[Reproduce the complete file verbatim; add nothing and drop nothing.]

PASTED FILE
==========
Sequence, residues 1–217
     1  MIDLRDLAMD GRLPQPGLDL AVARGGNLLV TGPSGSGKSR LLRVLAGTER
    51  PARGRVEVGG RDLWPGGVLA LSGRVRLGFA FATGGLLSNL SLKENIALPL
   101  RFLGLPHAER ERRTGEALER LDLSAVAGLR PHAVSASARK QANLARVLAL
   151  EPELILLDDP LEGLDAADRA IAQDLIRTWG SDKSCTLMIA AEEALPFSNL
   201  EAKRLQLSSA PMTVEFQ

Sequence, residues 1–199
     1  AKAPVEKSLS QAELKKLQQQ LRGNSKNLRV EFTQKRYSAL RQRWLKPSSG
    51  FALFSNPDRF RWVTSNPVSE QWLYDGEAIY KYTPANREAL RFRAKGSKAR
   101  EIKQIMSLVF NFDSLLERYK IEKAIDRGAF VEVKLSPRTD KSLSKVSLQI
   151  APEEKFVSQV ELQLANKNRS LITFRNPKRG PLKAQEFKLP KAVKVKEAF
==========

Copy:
Sequence, residues 1–217
     1  MIDLRDLAMD GRLPQPGLDL AVARGGNLLV TGPSGSGKSR LLRVLAGTER
    51  PARGRVEVGG RDLWPGGVLA LSGRVRLGFA FATGGLLSNL SLKENIALPL
   101  RFLGLPHAER ERRTGEALER LDLSAVAGLR PHAVSASARK QANLARVLAL
   151  EPELILLDDP LEGLDAADRA IAQDLIRTWG SDKSCTLMIA AEEALPFSNL
   201  EAKRLQLSSA PMTVEFQ

Sequence, residues 1–199
     1  AKAPVEKSLS QAELKKLQQQ LRGNSKNLRV EFTQKRYSAL RQRWLKPSSG
    51  FALFSNPDRF RWVTSNPVSE QWLYDGEAIY KYTPANREAL RFRAKGSKAR
   101  EIKQIMSLVF NFDSLLERYK IEKAIDRGAF VEVKLSPRTD KSLSKVSLQI
   151  APEEKFVSQV ELQLANKNRS LITFRNPKRG PLKAQEFKLP KAVKVKEAF